University of Minnesota Social Media Case ‘Could Give Colleges Virtually Limitless Authority to Silence Speech’

The Student Press Law Center has been valiantly raising awareness of a court battle that its executive director Frank LoMonte calls “a gigantic case that hasn’t gotten nearly the attention it deserves.”

The case: Tatro v. University of Minnesota.

The gist, according to an SPLC report: “Amanda Tatro, a former student in the mortuary sciences department at the University of Minnesota, posted comments to her Facebook wall in November and December 2009 about ‘playing’ with her cadaver in her anatomy course and wanting ‘to stab a certain someone in the throat with a trocar,’ a needle-like embalming tool. . . . The university filed a formal complaint against Tatro in late December 2009, alleging her comments were threatening and in violation of the rules of the mortuary science program. . . . [A UM committee] ruled that Tatro must take an F in the anatomy course, undergo a psychiatric evaluation and be placed on academic probation.”  Tatro is suing the school for violating her free speech rights.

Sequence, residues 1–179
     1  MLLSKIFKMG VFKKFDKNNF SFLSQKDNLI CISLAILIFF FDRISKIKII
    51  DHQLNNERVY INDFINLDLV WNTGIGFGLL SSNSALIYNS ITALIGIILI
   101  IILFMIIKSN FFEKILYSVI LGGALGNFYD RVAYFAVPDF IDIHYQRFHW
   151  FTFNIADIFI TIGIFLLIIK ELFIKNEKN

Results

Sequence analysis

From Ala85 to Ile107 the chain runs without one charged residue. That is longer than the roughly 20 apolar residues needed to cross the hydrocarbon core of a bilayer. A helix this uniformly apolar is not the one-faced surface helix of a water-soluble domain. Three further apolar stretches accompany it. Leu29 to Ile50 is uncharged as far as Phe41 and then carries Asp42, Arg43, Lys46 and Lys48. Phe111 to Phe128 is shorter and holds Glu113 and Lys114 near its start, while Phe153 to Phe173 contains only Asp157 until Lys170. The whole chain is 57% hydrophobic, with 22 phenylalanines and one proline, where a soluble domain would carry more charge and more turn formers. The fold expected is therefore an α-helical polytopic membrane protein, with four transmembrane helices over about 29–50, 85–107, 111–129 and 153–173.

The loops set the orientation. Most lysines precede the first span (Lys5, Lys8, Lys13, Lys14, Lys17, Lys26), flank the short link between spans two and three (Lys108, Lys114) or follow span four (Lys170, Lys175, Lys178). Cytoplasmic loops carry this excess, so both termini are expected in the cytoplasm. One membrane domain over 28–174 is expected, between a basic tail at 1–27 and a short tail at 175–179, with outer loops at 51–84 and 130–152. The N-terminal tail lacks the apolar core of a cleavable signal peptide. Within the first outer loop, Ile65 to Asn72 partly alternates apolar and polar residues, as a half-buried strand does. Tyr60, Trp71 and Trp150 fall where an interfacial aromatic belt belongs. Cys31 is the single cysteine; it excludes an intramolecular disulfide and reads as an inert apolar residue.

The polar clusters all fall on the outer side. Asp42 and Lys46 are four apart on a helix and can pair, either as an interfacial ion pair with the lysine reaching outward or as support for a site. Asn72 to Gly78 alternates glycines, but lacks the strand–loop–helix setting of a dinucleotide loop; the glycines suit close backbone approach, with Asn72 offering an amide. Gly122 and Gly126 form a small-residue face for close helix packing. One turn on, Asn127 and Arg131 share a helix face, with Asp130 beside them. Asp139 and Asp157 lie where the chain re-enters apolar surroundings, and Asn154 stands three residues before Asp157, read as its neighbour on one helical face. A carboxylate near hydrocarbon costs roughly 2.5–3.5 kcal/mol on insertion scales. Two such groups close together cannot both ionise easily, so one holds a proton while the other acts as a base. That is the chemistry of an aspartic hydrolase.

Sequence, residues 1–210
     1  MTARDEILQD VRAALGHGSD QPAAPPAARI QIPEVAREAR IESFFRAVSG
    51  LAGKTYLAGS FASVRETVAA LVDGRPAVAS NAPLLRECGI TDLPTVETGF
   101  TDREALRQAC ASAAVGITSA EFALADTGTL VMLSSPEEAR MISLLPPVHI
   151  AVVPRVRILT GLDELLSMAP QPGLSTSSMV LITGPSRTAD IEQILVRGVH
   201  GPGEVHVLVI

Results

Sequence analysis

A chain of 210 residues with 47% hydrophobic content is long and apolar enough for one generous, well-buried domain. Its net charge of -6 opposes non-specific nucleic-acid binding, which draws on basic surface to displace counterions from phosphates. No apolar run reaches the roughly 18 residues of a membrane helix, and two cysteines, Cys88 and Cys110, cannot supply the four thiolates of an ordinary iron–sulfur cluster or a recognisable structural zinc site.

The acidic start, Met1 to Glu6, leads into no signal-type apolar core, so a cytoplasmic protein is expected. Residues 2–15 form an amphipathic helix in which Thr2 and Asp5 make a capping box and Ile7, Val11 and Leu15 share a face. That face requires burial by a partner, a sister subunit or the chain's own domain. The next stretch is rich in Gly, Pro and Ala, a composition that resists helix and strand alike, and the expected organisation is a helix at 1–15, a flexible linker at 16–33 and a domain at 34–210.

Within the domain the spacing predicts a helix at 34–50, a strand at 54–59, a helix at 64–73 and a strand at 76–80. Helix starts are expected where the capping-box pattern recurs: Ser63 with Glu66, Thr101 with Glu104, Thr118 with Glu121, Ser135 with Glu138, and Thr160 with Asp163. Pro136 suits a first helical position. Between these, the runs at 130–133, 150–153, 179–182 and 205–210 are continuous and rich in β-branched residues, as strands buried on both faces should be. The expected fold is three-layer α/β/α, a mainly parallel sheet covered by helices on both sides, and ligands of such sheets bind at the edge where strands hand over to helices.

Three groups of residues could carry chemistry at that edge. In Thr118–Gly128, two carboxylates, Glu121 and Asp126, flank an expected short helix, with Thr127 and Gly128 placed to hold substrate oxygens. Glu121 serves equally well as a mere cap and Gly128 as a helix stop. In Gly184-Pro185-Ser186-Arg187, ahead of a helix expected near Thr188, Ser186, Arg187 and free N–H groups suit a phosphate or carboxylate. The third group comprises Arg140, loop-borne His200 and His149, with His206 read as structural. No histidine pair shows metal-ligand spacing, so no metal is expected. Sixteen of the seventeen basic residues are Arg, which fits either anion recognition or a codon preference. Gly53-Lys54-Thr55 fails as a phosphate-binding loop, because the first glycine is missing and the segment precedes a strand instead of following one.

The larger implications: Tatro made the apparently sarcastic comments on her personal social network, off campus.  Should schools be allowed to monitor and punish students for their social media behavior simply because they find it distasteful?

A higher ed. environment suffused with a watch-what-you-say-about-your-school-at-all-times-especially-if-it’s-critical mindset does not exactly scream First Amendment.   The related consequences for campus media are also potentially enormous.

In a recent opinion piece in The Chronicle of Higher Education, LoMonte argues, “If the justices of the Minnesota Supreme Court lose sight of the larger constitutional issues, the outcome in the case could give colleges virtually limitless authority to silence speech critical of their programs, no matter where it is uttered. . . . While colleges clearly may discipline students for off-campus criminal behavior, the idea that colleges have free-floating good-citizenship authority to punish lawful behavior that administrators subjectively deem ‘disruptive’ is breathtaking in its potential for abuse.”

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